Smiggin Holes, New South Wales Town in New South Wales, Australia

Smiggin Holes is a village in the ski resort area of Snowy Mountains of New South Wales, Australia, in the Snowy Monaro Regional Council. It is primarily a winter-only resort village. It is within the Kosciuszko National Park, and is administered by New South Wales Department of Environment and Climate Change. Access to the village is via road. There is an access fee payable to the national park, and motor vehicles are not permitted to stay overnight in the winter months.

Kiandra Snow Shoe Club

The Kiandra Snow Shoe Club was founded in the gold-mining district of Kiandra, New South Wales (NSW), Australia by three Norwegians—as early as 1861 by some accounts— and reportedly became the "world's longest continuously running ski club" as it evolved into the present-day Kiandra Pioneer Ski Club in Perisher Valley, NSW. Whether the club is the first of its kind has been subject to debate. In this case, "snow shoe" is an archaic term for "ski".

Skiing in Australia overview of skiing practiced in Australia

Skiing in Australia takes place in the high country of the states of New South Wales, Victoria and Tasmania, as well as in the Australian Capital Territory, during the southern hemisphere winter.

Boyd Cordner Australian rugby league player

Boyd Cordner is an Australian professional rugby league footballer who plays for the Sydney Roosters in the National Rugby League. A New South Wales, Country Origin and Australia representative player, Cordner primarily plays as a second-row and lock. Cordner won a premiership with the Sydney Roosters in the 2013 NRL season and 2018 NRL season. Boyd is also the captain of the NSW State of Origin team as well as being co-captain of the Sydney Roosters.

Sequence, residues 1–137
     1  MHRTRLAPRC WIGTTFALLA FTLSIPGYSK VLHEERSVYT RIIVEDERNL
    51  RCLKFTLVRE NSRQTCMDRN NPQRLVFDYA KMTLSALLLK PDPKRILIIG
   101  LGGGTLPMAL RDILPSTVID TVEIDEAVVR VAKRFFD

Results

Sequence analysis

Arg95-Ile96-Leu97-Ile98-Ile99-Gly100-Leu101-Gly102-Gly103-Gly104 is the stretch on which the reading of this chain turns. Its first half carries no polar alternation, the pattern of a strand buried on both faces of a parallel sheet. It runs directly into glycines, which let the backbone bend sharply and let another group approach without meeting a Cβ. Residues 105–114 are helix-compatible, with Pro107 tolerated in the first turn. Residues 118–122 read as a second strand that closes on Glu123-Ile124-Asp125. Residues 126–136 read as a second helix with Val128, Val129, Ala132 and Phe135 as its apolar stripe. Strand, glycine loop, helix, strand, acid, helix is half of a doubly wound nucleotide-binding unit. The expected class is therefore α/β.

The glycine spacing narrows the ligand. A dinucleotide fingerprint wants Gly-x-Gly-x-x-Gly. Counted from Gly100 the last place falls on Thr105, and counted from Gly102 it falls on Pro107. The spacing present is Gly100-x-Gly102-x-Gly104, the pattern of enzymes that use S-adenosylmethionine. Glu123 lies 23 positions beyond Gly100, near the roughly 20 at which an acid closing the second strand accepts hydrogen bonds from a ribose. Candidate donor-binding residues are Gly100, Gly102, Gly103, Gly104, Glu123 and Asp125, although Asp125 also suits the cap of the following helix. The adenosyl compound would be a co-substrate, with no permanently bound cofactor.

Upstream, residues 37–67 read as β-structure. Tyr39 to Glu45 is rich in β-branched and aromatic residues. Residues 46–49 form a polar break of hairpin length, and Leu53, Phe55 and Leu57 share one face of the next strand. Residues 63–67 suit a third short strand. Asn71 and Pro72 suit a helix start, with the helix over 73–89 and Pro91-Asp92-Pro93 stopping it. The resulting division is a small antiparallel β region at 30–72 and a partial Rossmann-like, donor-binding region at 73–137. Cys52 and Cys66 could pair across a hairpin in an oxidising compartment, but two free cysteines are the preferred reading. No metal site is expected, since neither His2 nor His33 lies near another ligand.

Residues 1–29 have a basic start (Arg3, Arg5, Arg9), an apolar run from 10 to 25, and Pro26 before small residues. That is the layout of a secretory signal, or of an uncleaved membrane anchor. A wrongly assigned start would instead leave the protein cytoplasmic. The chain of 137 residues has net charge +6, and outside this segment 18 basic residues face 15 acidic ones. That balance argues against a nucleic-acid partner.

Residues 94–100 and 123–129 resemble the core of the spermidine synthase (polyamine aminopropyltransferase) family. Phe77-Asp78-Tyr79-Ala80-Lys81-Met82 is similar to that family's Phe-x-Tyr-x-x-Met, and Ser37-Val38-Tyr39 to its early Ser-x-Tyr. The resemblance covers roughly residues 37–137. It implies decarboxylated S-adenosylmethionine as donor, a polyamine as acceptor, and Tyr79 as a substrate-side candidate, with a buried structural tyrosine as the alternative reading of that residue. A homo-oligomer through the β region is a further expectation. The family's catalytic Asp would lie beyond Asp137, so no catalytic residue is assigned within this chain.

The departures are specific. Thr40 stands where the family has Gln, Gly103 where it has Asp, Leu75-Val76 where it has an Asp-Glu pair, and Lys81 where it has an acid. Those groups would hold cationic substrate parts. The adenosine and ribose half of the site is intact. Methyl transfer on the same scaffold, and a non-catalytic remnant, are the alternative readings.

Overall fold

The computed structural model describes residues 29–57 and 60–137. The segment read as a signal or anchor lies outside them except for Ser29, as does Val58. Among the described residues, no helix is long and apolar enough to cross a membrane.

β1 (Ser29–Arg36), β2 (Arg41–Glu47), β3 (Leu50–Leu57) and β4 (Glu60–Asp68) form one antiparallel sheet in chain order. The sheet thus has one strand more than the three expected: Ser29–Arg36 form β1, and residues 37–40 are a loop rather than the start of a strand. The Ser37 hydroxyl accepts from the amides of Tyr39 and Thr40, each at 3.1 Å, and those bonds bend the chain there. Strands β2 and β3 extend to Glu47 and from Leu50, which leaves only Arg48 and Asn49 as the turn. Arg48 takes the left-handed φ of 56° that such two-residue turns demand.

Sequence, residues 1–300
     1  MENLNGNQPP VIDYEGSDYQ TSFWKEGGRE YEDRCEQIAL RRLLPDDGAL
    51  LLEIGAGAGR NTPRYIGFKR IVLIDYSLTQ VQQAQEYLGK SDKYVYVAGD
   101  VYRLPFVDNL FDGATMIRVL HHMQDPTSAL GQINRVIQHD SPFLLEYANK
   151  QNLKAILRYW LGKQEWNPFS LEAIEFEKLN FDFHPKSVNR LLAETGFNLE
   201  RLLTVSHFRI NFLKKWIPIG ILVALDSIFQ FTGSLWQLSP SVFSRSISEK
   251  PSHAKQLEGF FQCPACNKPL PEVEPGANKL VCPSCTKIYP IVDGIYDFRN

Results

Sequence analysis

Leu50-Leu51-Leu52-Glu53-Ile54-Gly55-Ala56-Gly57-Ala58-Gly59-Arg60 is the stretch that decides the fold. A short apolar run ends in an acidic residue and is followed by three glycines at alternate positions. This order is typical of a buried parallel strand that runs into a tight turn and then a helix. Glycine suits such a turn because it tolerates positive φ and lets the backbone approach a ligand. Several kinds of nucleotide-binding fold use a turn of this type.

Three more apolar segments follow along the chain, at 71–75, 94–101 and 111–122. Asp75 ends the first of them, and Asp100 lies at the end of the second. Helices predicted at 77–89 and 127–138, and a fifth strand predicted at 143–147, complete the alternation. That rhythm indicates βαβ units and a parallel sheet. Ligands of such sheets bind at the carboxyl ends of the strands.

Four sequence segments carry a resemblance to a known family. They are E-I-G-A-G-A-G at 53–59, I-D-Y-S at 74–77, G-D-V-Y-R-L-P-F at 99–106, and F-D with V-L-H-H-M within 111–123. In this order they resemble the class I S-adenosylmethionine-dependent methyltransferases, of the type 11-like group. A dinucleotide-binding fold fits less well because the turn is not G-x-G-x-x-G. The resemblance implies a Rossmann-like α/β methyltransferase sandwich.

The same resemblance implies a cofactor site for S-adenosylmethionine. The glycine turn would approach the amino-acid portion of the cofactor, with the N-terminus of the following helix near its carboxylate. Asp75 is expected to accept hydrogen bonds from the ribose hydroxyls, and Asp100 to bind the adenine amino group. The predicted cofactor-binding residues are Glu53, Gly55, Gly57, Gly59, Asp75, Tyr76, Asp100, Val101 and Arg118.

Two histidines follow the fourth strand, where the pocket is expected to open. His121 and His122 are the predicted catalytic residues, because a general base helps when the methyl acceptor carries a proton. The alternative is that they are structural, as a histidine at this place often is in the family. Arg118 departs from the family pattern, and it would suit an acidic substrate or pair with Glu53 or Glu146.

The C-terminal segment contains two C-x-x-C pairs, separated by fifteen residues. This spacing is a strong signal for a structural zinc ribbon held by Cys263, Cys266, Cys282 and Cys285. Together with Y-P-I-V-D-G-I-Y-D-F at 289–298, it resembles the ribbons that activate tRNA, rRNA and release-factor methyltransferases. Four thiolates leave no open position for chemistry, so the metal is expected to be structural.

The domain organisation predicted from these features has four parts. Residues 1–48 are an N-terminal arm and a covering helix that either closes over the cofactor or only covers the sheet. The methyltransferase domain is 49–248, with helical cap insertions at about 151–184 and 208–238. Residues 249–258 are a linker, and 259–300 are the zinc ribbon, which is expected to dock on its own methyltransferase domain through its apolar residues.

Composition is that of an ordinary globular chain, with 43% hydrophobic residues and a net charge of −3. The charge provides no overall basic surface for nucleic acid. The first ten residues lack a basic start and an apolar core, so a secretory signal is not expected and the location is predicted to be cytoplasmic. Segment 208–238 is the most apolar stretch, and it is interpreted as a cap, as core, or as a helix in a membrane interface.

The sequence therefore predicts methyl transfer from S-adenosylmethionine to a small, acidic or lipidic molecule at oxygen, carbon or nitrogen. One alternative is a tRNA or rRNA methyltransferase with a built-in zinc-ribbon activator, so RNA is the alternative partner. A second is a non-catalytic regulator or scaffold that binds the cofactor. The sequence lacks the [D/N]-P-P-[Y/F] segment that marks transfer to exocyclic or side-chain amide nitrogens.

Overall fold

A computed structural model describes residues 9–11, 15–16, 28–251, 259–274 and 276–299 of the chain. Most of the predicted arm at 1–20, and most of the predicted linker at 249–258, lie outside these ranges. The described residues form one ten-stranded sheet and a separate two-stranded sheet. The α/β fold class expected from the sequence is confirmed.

Perisher Ski Resort ski resort in New South Wales, Australia

Perisher is the largest ski resort in the Southern Hemisphere. Located in the Australian Snowy Mountains, the resort is an amalgamation of four villages and their associated ski fields, covering approximately 12 square kilometres (5 sq mi), with the base elevation at 1,720 metres (5,640 ft) AHD, and the summit elevation of 2,054 metres (6,739 ft) at the top of Mount Perisher. 4.4 square kilometres (1.7 sq mi) of this area is covered by 240 snow guns, which are used to artificially supplement the natural snowfall. Perisher was acquired by Vail Resorts, United States on March 30, 2015 for a sum of approximately AU$177 million.

Skiing in New South Wales overview of skiing practiced in New South Wales

Skiing in New South Wales takes place in the high country of the Snowy Mountains of New South Wales during the Southern Hemisphere winter.

Sport is a significant aspect of the Sydney lifestyle. Activities range from the occasional international event, annual competitions, competitive leagues and individual recreational pursuits. Sydney is the base for a number of teams in national competitions including the Sydney Sixers, Sydney Kings and Sydney Swans.

Kosciusko Alpine Club (KAC) is the second oldest ski club in Australia after the Kiandra Pioneer Ski Club (1861). It was founded in 1909, two months after the NSW Government opened the Hotel Kosciusko at Diggers Creek, the first hotel in the Kosciusko area. The Hotel Kosciusko became the winter home of KAC until 1930 when the Kosciusko Chalet opened at Charlotte’s Pass. KAC was the only ski club in the Kosciuszko area until 1920 when the Ski Club of Australia was formed.